Your crew can handle the management of cardboard. The responsibility can be contracted to a solar waste professional who knows how to make sure the materials stay valuable so you can sell them and not have them rejected for contamination. Having a partner onsight to clean up as the project progresses is a strategy being used more and more.

The future is a closed-loop system for Solar PV

Ideally, as an Industry, it will be the most beneficial to veer toward reducing cardboard waste. PV Pallet has launched reusable PV delivery systems to reduce and eliminate wood pallets and cardboard waste. PV Pallet’s reusable system for panels can be used for safe shipment and stacking and is intuitive by being adjustable. When using PV pallets on a site, PVs that need recycling can be reinstated into the reusable pallet and are reused for shipping and delivering PVs until it requires recycling.

Green Clean Solar is your partner for cardboard recycling

Green Clean Solar is a trusted partner for utility-scale solar waste reduction efforts. We use our extensive network of recyclers across the nation to meet the needs of any site with turnkey solar waste solutions. We help enhance the metrics of your ESG reports, reduce costs where possible, and use recycling to offset costs of waste disposal. Cardboard is a considerable waste material that accumulates on job sites that can be more easily handled and leveraged for better outcomes.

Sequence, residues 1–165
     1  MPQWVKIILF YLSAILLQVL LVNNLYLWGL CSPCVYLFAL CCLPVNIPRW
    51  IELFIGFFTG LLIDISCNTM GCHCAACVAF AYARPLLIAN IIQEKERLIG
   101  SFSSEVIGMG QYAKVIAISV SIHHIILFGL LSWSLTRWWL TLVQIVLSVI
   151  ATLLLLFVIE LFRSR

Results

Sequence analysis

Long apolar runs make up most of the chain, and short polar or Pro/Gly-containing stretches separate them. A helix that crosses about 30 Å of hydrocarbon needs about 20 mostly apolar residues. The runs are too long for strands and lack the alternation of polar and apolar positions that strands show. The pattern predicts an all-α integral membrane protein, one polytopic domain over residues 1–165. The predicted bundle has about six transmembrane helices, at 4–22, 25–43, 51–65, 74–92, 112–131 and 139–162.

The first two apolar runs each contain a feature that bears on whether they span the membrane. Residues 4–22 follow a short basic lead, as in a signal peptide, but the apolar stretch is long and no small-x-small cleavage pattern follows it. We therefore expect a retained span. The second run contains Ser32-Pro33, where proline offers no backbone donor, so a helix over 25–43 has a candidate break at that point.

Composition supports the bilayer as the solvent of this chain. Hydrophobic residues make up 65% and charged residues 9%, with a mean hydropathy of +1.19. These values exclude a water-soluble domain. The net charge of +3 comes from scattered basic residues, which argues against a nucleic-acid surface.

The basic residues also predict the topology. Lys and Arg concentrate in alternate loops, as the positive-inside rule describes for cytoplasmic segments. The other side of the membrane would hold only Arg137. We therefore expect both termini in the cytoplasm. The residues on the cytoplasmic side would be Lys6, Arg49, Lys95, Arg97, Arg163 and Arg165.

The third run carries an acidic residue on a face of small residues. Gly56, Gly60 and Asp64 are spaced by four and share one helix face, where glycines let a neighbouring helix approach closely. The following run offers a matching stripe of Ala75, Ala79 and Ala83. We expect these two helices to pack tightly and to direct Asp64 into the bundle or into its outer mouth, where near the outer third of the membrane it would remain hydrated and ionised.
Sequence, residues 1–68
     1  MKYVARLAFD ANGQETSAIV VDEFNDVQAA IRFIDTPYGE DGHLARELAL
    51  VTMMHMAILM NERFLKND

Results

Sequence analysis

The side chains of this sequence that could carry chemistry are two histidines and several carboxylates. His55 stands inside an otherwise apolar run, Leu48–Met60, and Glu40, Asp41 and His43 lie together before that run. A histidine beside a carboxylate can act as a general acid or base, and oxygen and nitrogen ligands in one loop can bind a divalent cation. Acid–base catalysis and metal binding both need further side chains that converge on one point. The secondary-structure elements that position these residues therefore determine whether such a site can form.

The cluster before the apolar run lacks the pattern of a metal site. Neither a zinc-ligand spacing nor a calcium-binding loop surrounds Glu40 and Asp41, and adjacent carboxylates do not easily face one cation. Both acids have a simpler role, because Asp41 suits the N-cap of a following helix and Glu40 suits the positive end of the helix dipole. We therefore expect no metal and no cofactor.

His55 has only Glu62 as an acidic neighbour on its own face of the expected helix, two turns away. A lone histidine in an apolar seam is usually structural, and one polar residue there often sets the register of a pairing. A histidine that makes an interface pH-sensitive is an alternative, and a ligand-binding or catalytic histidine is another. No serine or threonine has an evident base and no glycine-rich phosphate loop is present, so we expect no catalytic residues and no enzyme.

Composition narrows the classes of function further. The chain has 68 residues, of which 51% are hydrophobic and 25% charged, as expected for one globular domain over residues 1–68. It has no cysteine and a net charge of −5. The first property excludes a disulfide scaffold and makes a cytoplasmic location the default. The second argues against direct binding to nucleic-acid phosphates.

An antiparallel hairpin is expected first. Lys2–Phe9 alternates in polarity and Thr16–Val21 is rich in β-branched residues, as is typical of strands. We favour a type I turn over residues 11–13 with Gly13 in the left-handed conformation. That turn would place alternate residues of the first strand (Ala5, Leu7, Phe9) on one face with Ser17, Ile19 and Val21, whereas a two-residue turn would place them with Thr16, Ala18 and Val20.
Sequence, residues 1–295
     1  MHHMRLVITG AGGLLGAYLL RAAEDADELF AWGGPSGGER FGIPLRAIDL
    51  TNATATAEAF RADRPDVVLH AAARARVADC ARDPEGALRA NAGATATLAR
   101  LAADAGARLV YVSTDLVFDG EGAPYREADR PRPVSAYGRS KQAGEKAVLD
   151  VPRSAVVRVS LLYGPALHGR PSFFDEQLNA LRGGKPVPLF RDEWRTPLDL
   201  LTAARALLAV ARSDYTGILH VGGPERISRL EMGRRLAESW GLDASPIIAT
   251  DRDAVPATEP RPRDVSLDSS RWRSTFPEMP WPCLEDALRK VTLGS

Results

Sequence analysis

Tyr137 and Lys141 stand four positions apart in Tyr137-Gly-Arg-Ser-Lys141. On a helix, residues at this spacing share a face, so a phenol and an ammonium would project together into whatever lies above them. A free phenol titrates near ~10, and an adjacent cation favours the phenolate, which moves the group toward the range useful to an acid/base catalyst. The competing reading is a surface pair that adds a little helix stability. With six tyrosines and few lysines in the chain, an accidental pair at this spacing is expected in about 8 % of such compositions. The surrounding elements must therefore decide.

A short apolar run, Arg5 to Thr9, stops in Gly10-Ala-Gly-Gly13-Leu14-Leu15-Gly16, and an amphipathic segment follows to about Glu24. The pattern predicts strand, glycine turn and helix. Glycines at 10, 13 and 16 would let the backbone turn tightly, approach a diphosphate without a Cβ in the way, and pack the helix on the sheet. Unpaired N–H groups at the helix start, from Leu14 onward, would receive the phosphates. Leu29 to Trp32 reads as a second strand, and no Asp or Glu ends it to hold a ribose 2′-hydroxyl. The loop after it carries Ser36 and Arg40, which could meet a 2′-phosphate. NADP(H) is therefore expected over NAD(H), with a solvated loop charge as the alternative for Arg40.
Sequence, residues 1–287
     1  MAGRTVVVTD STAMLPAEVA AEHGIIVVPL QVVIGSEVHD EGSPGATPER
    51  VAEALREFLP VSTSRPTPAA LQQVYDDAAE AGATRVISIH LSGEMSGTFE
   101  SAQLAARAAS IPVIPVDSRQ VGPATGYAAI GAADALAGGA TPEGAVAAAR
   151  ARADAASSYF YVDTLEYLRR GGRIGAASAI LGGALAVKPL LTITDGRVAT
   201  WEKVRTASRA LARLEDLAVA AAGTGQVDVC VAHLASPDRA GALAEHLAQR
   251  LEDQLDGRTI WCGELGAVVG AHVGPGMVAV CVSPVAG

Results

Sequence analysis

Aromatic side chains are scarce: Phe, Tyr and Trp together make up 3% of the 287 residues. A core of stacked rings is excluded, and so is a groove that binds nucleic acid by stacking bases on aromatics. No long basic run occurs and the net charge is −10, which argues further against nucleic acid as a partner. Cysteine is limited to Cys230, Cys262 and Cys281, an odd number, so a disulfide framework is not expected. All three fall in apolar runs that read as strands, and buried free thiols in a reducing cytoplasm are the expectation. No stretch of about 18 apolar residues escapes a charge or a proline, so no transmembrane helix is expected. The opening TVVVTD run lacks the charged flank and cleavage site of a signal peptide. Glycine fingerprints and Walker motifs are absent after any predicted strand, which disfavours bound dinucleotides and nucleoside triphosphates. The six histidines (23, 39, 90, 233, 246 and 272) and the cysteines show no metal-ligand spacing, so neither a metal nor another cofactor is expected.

Ready for better management of onsite cardboard waste?

Contact us at 770-229-7168, or


172 views1 comment

1 Comment

Mar 31, 2023

If you have a pile of old cars or metals placed in your backyard, then it's better to know that you can get paid for it! Sell junk cars to car removal companies and get paid.

bottom of page